Three Weeks That Changed Everything

Intel is working to empower girls to create tomorrow’s technology through programs like this summer camp that brought girls from nine countries together in Rwanda.

Science, technology, engineering, and math careers are among the fastest growing, best paying in today’s global economy. But around the world, disproportionately few women work in these fields, and those who do are far less likely than men to hold leadership positions. Intel is working to decrease that gender imbalance through numerous programs, including a unique summer camp that brought girls from nine countries together in Rwanda.

Three Weeks That Changed Everything
I am grateful that WiSci has shaped me to be competitive, resilient, passionate about what I believe in, but most importantly, to be more open-minded about trying new things. …There is no word to describe this camp—only precious memories and overwhelming feelings.

“I am… no sorry, was, an art-inclined student. I loved everything that had at least a shred of the concept of self-expression,” says Anne Marie Abban Demitrus, a college student from Ghana. “I was on top of my art class, loved English, and couldn’t bear to part with French orals. Three weeks changed all of that.”

The three weeks that altered Demitrus’ life occurred in the summer of 2015, when she joined 119 other young women from the U.S. and eight African nations at a Women in Science (WiSci) science, technology, engineering, art and design, and math (STEAM) camp at the Gashora Girls Academy of Science and Technology in Rwanda. The first-of-its kind program aimed to help bridge the gender imbalance that exists in STEAM fields through mentorship opportunities, leadership training, and access to education. The camp was conceived by Thomas Debass of the U.S. Department of State and Joseph Nsengimana of Intel, and it was organized by U.S. Department of State, Intel, Microsoft, the United Nations Foundation’s Girl Up campaign, and the AOL Charitable Foundation.  

“The theory behind public-private partnerships like WiSci is that if we give girls technical skills, teach them how to network, inspire in them a global outlook, and match them with mentors, they can be high academic achievers, launch their own businesses, or successfully compete for jobs in the rapidly evolving global technology industry,” says Frances Colon, Deputy Science and Technology Advisor to the U.S. Secretary of State.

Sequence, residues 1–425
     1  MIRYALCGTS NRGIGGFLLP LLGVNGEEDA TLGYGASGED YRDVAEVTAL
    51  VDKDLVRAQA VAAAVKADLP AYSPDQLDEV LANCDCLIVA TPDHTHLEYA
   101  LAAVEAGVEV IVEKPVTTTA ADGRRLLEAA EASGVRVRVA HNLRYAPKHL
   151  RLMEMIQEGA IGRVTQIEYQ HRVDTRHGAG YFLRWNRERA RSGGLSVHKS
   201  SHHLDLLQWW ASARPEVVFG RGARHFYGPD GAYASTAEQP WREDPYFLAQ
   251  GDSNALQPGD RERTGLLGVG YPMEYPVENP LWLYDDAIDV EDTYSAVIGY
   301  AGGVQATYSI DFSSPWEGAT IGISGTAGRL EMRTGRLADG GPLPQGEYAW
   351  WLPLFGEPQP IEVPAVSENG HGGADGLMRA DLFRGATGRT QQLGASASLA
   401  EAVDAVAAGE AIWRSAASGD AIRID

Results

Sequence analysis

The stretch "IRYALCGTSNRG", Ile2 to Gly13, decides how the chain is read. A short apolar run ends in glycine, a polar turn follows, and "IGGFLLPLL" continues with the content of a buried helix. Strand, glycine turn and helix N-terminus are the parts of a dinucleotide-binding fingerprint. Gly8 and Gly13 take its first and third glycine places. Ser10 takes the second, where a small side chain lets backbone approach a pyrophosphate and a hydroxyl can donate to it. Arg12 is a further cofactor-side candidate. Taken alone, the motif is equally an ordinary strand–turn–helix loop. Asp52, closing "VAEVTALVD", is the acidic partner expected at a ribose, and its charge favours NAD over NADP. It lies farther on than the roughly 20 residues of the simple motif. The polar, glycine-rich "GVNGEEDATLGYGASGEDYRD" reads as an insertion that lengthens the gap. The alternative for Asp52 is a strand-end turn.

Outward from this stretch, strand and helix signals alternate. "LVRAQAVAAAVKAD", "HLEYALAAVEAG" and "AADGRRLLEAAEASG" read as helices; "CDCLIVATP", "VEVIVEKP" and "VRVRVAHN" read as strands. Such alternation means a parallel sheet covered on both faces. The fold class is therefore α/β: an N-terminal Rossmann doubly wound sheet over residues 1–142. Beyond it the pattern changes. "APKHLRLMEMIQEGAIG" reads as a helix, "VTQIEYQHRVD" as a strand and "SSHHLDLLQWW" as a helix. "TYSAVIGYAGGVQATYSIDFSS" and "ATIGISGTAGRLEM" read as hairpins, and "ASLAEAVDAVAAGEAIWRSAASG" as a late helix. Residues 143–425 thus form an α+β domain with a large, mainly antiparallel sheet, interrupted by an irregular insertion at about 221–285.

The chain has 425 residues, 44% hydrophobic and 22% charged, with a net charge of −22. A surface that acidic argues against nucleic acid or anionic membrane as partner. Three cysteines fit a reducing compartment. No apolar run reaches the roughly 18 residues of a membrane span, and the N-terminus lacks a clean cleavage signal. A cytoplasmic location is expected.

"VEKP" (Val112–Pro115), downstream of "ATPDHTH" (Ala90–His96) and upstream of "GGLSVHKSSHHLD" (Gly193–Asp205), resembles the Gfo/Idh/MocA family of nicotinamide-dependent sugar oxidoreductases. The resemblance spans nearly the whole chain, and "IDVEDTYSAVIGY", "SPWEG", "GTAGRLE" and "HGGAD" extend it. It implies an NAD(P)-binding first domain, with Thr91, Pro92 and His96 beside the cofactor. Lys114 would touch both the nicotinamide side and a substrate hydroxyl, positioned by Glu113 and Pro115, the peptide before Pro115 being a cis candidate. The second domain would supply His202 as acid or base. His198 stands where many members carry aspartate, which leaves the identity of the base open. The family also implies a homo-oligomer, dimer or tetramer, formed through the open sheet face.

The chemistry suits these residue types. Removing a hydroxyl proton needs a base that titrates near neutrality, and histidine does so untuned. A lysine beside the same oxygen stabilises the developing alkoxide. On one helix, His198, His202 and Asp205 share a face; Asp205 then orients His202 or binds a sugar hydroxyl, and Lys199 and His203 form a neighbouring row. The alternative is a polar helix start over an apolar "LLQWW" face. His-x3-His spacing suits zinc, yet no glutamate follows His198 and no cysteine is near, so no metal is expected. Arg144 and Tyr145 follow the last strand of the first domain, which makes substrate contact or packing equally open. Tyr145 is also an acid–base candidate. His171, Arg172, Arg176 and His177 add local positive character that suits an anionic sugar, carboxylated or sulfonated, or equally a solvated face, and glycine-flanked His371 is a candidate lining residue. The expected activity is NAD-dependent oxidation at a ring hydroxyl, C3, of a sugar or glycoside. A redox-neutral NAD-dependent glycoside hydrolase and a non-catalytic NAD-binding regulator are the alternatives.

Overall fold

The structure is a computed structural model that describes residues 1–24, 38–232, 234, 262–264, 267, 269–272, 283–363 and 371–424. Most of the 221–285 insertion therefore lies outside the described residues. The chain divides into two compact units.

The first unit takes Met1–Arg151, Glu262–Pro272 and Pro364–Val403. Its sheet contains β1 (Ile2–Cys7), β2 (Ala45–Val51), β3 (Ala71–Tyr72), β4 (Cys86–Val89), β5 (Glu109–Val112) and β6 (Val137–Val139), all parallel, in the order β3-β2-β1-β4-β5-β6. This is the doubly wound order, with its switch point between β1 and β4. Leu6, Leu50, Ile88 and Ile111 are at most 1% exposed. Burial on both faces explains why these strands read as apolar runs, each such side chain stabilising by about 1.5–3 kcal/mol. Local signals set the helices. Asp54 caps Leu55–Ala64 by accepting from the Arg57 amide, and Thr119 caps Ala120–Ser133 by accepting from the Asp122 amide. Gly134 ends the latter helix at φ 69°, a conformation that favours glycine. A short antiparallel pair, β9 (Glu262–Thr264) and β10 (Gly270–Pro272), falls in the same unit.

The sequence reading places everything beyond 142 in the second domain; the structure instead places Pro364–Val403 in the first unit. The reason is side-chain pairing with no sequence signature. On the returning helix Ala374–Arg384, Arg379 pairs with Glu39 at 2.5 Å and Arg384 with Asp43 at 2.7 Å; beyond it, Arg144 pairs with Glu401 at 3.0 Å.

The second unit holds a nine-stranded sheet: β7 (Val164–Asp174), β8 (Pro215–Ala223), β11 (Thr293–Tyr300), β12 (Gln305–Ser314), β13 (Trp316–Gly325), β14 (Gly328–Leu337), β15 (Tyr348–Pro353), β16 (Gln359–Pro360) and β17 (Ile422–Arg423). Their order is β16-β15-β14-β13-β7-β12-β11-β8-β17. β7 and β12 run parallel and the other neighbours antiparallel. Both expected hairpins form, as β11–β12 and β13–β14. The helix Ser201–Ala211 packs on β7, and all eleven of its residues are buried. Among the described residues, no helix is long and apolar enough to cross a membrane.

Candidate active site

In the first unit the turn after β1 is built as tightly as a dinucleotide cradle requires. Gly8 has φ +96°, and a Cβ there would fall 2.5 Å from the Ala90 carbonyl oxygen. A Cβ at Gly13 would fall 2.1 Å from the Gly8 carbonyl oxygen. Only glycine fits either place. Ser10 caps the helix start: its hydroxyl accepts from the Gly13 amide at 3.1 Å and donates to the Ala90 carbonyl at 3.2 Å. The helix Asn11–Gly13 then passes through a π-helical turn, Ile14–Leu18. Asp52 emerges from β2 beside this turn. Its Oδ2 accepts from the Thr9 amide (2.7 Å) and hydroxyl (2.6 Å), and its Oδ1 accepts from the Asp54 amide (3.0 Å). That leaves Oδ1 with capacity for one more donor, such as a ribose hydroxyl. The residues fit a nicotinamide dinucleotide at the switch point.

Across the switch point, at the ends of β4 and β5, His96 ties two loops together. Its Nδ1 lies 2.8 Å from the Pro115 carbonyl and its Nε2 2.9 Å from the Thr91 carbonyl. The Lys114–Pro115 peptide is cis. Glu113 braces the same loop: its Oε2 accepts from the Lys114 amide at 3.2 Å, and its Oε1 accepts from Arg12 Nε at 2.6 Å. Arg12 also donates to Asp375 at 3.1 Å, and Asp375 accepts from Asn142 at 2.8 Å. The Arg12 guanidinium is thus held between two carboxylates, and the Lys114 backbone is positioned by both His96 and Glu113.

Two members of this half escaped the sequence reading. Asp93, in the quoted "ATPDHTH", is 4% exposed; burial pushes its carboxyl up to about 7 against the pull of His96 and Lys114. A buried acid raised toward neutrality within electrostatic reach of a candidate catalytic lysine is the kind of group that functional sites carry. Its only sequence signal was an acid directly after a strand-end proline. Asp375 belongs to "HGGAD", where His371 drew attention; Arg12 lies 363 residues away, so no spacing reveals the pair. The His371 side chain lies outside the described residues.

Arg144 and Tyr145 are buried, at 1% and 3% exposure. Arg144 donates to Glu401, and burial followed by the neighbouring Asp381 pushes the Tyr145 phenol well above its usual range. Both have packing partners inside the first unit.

WiSci attendees gained hands-on experience in computer science, programming, and robotics through a curriculum designed by Intel, Microsoft, and AOL. During the last week of the camp, the young women formed teams to develop and present their own engineering projects. Along the way, they had access to mentors in science and engineering fields, and met inspirational leaders such as Frances Colon and Jeanette Kagame, the First Lady of Rwanda.

Demetrus says that prior to the camp, she intended to become a lawyer, but now she plans to try her hand at computer engineering. WiSci 2015 gave Emily Adcock, a student from North Carolina, a similar epiphany: “I honestly did not believe that I was capable of pursuing a career in engineering or computer science,” she says. “While at camp, I not only gained technical skills needed in these fields, but gained the confidence I needed. … I can now proudly say that I would love to be an engineer!”

“We all came back from WiSci 2015 empowered to make a difference,” says Garima Singh, a student from Texas.

With all of us living in it, planet Earth doesn’t have a choice but to become a better place. So, what are we waiting for? Let’s go change the world.

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